The Year of the Plasma

For the last several years, our annual January pilgrimage to Las Vegas for the Consumer Electronics Show has been all about someone else’s toys. Handheld smartphones and tablets, wearable technology (now, what is that about?), fashion earphones, smart appliances, electric car-charging stations, streaming pocket-sized speakers, you name it. It’s been awfully quiet on the A/V front…until now.

Much to everyone’s surprise, display technologies that have been promised for years were suddenly front and center again at this year’s show. We’ve got 4K Ultra HDTVs and content delivery services launching, and OLED, still just a promise, is threatening to show its face. The two most impressive video demos I saw at CES belonged to Sony and Panasonic, each of whom showed its own version of a 56-inch 4K-OLED hybrid TV.

You only had to take one look at those prototypes to know this could be the real future of television. Panasonic, for its part, has stated publicly that it plans to skip the 4K LCD TV phase that other manufacturers are participating in this year and go straight to 4K-OLED, perhaps as early as next year according to industry news reports. I’ll believe it when I see it, but in the meantime, I’m not whining about the Panasonic plasmas that will someday be made extinct by the company’s ambitious plans.

Our first review of a 2013 plasma was Panasonic’s ST60 series. Regular readers will know that the ST plasma has been one of our most popular recommendations for the last two years thanks to its tremendous value. This year’s model didn’t disappoint, either—far from it. Check out our review.

But that’s only the beginning. See Tom Norton’s review of Samsung’s new F8500 plasma, its best ever. We’re also working on reviews of plasmas in Panasonic’s VT series—which, till now, has been the company’s top of the line and regarded as the best picture you could buy in this post-Pioneer Kuro world—and step-up ZT series. I was lucky enough to be able to directly compare all three of these HDTVs side by side, each adjusted to its optimal settings by a team of expert calibrators, at an event in New York this spring. The 9th Annual HDTV Shootout held by Scarsdale, New York, retailer Value Electronics, pitted these three flat panels against each other and Sony’s new XBR-65X900A Ultra HD 4K LED LCD, Samsung’s F8000 LED LCD, and Panasonic’s new top-of-the-line WT60 series LED LCD.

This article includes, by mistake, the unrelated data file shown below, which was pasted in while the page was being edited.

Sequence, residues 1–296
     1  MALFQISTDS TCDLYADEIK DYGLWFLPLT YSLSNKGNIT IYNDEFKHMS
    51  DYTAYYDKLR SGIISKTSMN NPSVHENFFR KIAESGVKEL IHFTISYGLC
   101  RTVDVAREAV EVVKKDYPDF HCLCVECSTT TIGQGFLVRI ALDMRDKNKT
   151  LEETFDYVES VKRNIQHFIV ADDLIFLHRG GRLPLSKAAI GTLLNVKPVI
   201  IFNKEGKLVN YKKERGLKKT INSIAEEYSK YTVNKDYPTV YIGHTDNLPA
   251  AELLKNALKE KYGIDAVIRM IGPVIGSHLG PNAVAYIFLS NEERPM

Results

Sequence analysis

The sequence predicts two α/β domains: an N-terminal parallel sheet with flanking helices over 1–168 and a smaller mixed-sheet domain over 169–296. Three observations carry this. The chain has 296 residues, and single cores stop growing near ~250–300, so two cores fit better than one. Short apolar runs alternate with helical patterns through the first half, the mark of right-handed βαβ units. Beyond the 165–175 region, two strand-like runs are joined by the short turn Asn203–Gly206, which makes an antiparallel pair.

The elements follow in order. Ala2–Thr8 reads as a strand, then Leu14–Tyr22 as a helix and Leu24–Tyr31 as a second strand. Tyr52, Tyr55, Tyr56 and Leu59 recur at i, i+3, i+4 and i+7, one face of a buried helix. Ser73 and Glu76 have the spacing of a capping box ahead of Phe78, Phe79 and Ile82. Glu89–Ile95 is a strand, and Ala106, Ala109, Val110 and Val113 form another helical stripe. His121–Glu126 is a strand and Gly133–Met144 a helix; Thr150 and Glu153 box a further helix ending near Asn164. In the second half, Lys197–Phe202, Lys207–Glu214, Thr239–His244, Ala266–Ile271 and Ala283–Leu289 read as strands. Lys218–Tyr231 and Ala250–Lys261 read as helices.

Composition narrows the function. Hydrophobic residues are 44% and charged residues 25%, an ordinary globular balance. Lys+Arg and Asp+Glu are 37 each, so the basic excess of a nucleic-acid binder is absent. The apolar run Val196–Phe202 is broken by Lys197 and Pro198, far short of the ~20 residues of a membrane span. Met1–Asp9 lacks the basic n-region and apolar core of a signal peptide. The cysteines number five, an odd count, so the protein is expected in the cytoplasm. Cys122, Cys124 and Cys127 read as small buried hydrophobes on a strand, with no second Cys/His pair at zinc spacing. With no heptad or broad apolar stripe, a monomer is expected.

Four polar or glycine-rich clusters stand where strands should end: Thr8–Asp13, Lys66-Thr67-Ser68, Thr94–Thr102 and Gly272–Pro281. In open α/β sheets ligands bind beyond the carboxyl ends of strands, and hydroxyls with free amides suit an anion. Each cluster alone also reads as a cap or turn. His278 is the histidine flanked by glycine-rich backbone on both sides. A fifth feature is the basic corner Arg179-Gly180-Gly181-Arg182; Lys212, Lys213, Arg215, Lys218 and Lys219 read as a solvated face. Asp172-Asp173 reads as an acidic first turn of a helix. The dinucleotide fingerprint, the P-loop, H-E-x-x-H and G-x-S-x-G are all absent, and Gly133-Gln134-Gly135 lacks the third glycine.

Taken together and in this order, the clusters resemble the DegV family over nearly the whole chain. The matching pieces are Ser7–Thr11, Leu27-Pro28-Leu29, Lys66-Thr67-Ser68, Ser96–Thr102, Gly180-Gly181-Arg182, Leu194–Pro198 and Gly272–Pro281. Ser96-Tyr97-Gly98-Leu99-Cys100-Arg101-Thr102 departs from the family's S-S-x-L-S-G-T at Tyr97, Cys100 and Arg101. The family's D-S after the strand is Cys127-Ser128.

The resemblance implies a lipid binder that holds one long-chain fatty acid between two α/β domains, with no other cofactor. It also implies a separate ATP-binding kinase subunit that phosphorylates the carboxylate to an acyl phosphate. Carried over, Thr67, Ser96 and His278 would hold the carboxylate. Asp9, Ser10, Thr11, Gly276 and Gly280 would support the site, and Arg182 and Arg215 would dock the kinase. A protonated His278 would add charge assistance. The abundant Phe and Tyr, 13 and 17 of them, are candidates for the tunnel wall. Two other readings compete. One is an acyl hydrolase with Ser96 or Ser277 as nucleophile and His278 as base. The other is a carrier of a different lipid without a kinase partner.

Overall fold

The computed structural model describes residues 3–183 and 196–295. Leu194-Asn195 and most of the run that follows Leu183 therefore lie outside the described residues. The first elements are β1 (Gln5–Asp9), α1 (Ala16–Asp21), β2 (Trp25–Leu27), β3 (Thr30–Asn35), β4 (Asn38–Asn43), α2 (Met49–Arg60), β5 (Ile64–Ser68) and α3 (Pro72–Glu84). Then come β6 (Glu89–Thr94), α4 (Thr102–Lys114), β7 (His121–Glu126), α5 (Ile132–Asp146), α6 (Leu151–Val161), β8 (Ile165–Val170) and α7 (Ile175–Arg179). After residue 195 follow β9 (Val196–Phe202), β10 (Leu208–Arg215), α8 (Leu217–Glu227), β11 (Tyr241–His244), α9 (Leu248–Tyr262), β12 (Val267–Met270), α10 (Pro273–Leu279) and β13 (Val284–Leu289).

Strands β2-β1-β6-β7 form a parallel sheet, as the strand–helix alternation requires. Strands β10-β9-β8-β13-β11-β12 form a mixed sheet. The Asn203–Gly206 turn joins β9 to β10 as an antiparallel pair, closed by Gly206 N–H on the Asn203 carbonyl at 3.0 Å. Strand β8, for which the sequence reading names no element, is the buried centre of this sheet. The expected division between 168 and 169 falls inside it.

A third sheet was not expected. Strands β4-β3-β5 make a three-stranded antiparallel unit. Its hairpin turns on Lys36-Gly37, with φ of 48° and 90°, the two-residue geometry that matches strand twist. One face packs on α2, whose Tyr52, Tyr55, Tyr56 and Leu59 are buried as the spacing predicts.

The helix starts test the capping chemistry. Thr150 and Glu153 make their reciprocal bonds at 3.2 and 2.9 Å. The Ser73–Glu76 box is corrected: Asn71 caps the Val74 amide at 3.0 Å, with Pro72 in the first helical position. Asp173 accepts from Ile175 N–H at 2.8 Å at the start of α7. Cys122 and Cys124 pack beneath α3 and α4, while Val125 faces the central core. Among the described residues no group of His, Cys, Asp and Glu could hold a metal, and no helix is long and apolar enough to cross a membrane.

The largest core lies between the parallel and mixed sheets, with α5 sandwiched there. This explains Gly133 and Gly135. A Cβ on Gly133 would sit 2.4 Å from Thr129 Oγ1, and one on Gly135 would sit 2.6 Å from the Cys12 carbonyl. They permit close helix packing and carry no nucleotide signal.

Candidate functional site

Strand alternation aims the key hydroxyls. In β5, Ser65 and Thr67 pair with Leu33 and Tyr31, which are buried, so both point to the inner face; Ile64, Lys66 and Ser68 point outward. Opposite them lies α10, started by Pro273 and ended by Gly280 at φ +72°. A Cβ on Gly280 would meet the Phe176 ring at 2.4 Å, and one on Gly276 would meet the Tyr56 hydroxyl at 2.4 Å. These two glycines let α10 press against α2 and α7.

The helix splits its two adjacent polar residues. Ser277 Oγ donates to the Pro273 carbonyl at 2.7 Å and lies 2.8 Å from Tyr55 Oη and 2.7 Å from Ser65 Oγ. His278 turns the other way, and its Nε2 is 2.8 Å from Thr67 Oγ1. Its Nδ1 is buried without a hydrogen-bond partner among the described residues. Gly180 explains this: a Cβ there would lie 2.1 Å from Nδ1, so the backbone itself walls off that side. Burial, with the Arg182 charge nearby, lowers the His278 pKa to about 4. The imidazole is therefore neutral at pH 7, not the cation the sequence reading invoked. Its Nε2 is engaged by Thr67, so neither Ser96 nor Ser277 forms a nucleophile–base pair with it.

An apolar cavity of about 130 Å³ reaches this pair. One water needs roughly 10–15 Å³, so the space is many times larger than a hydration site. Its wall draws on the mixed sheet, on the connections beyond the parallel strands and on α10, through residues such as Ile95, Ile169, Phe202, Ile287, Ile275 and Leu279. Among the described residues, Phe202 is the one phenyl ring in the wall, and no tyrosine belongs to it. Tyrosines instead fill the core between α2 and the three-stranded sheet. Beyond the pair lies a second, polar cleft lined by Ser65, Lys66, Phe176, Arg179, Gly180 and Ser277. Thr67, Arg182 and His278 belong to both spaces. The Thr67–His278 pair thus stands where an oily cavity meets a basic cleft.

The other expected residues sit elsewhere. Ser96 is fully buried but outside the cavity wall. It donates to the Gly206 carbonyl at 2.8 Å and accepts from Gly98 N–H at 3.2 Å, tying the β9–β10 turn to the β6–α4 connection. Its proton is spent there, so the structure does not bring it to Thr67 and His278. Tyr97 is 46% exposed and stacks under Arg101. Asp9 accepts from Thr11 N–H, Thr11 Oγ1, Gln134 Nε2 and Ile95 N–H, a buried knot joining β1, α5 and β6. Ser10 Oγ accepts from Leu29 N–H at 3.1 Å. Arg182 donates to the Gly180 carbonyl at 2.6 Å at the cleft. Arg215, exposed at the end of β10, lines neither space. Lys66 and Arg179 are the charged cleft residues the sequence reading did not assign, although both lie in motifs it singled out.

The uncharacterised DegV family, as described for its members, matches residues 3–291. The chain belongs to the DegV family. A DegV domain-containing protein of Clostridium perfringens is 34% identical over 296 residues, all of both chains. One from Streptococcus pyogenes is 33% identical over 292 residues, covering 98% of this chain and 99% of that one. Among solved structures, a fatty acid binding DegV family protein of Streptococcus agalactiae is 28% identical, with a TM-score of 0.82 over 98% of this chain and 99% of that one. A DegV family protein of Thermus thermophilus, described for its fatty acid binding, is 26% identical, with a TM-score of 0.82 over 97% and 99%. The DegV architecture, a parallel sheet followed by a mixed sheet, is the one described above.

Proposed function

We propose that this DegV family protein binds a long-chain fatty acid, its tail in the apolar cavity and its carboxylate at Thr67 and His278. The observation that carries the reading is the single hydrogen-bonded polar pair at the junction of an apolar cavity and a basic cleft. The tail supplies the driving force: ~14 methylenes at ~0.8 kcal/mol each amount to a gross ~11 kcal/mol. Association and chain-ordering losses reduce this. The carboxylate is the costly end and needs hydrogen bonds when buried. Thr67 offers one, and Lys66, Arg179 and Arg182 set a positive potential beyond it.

The experts ran test patterns and movie content into all the sets simultaneously to allow the audience participants to rate them in critical areas like black level, contrast, color fidelity, motion resolution, bright room viewing, and overall image quality. Oh, and did I forget to mention that there was a late-generation Pioneer Kuro plasma monitor on hand for reference? Despite being off the market for three years, the Kuro remains the HDTV against which Home Theater and everyone else pits all serious contenders.

There was no question for anyone in attendance that the three new plasmas and the old Kuro stole the show, and there was much excitement about the significant leap in quality of this year’s crop. It would appear that the plasma TV, after being written off by many as an endangered species, is enjoying a renaissance. That ol’ gray mare is proving to be a lot blacker than we thought.

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COMMENTS
kent harrison's picture

They way I see it still the best TV,and if they want blow 4k away Plasma tv is going to be the best period.

StargateNH's picture

Almost None of my friends believe me when I tell them Plasma is the best TV with the picture. I am the go to "tech guy" in the group but no one heads my advice on the TVs. They keep buying LCD/ LED. It frustrates me so much since I know Im right. One friend bought a top of the line Samsung LED for $3500, more than my Panasonic Plasma and I can hardly stand to watch his LED. Yah I'm exaggerating a bit, but not much. Another friend just bought a Vizio LED for $900. Their reason was they wanted something cheaper but still 1080P in the 50in size. WHAT!!?? The brand new 2013 Panasonic Plasma line has a mid-range 50in model for $100 cheaper MSRP! Grrr.
No matter how many articles I show them, I guess they want to believe Best Buy's 18 year old "pro" that LCD/ LED is better.

notabadname's picture